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PRT asks for ‘transparency’ in Liberty-OneLink deal

Claro has filed a motion expressing its concerns about the Liberty-OneLink merger. (Credit: © Mauricio Pascual)

Puerto Rico Telephone, which does business as Claro Puerto Rico, has drawn the line in the sand with regards to Liberty Puerto Rico’s proposed acquisition of OneLink Communications, asking the Telecommunications Regulatory Board for transparency in the process.

In a motion filed at the agency, Claro Puerto Rico asked the board to give it and the general public access to the application Liberty filed last week requesting the approval of the $585 million transaction announced about a month ago.

“As of today, the Board has not made the document public, even when that’s essential to understanding, evaluating and making comments about the transaction,” the company said in a statement sent to reporters Tuesday.

The carrier also asked the agency to address the fact that, “contrary to what Liberty has presented to the media” if the transaction is approved OneLink would be the surviving entity and would continue providing cable service in Puerto Rico.

“Although both the Board and Liberty have sold this transaction as one that would result in Liberty controlling OneLink’s operations in Puerto Rico, OneLink and Liberty filed several documents with the FCC stating that as a result of the transaction Liberty will cease to exist as a corporate entity and OneLink would survive the transaction and would continue providing cable service in Puerto Rico in Liberty’s and OneLink’s territories,” PRT said in its statement.

“That fact that OneLink would survive as a result of the transaction raises serious issues that the Board must address and require public and binding commitments by OneLink and Liberty before any application is approved,” the carrier further stated.

When the transaction was announced, Liberty Global — the local company’s parent — explained that upon completion it would own 60 percent of the company and investment fund company Searchlight Capital Partners L.P would own the remaining 40 percent. The company would continue doing business in Puerto Rico as Liberty, it said.

“Today, PRT/Claro sent a press statement in which they claim that the entity that would survive the purchase transaction between Liberty Cablevision of Puerto Rico and OneLink Communications would be OneLink and that the latter would be the one that would continue providing cable TV services,” said Naji Khoury, General Manager of Liberty Cablevision of Puerto Rico. “This statement is completely false.”

“Regardless of which corporate entity registered in Puerto Rico survives the transaction, be it San Juan Cable, LLC [OneLink], or Liberty Cablevision of Puerto Rico, the resulting company’s assets will be managed by Liberty as the majority partner and Searchlight Capital Partners, L.P. as the minority partner, and myself as general manager of the newly formed company; just as it was reported from the beginning in press releases disseminated in Puerto Rico and the United States,” he said. “In addition, the resulting brand will also be Liberty’s.”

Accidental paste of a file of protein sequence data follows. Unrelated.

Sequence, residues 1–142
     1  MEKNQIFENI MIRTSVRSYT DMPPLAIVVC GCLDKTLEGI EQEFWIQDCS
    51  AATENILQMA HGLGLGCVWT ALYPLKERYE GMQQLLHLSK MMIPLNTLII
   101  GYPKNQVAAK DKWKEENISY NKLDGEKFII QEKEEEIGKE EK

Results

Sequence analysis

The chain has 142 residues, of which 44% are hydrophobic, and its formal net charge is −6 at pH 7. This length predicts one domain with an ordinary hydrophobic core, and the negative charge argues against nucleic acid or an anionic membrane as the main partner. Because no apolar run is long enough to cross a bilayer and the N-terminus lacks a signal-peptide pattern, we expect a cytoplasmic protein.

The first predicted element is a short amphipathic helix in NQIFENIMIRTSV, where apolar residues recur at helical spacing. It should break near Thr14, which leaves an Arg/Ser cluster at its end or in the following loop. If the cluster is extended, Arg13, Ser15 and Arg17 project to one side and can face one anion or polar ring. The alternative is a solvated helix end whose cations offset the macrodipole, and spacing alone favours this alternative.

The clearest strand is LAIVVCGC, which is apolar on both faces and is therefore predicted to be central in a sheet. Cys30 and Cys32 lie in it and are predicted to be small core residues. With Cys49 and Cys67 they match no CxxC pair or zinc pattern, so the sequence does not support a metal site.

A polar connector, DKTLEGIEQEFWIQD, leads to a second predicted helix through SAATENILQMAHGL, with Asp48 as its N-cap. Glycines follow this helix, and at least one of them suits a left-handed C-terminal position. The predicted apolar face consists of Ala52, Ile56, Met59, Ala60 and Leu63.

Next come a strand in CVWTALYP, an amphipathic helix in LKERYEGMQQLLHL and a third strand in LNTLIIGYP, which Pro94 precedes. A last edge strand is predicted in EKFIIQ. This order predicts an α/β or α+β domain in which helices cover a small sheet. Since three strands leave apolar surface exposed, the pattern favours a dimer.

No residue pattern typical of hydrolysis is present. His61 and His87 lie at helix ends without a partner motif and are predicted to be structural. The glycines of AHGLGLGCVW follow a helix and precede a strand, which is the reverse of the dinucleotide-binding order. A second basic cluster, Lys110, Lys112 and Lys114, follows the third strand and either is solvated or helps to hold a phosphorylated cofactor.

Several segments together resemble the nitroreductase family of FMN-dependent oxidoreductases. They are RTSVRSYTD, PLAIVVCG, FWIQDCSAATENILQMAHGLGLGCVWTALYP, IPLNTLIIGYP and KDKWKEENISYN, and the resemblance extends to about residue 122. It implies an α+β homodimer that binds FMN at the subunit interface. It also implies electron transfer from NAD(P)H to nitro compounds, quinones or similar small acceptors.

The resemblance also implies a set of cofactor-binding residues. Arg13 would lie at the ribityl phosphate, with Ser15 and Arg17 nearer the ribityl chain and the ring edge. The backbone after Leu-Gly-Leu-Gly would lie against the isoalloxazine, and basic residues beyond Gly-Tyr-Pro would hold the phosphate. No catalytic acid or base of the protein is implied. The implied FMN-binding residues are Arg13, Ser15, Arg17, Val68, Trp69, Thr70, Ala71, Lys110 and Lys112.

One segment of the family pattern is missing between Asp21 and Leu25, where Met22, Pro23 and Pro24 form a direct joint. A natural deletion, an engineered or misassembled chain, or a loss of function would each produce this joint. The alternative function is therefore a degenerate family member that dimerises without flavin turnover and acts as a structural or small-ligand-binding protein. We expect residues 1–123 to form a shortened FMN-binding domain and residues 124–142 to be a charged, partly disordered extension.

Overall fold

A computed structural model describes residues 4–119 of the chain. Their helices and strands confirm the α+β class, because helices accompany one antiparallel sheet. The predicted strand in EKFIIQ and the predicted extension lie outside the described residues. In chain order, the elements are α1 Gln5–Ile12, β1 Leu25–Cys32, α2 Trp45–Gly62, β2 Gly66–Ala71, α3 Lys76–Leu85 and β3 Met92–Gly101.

What goes around…
Perhaps none too coincidentally, in its arguments PRT raised similar issues to the ones Liberty brought up while opposing the carrier’s plans to launch its Internet Protocol-based paid television service.

Liberty Cablevision is moving forward with its $585 million transaction.

“In the past, Liberty adopted the position that competition was bad for the Puerto Rican consumer. OneLink has a proven record of anti-competitive conduct and to this day continues to oppose PRT’s efforts to provide IPTV service. If the transaction is approved, will OneLink continue its opposition while at the same time asking permission to expand its market dominance? How do they defend their transaction as pro-competition when at the same time they’re plotting to push PRT out of the video market?”

Another issue PRT brought up is OneLink’s track record of shying away from providing cable services to underprivileged communities in the San Juan metropolitan area. PRT questioned whether the company will uphold its policy if the transaction is approved.

On another front, PRT also raised the contentious issue of “cross-subsidies,” or when a company uses revenue from one line of service to cover the costs of providing another. In its motion, PRT questioned whether the carriers have mechanisms in place to prevent cross-subsidization between its telephone and cable services.

Over the past three years, both Liberty and OneLink have used the cross-subsidies issue in their arguments against PRT’s incursion into the paid television market.

PRT asked the Board to hold off from considering approving the request until the aforementioned issues are addressed in detail.

Author Details
Author Details
Business reporter with 27 years of experience writing for weekly and daily newspapers, as well as trade publications in Puerto Rico. My list of former employers includes Caribbean Business, The San Juan Star, and the Puerto Rico Daily Sun, among others. My areas of expertise include telecommunications, technology, retail, agriculture, tourism, banking and most other segments of Puerto Rico’s economy.

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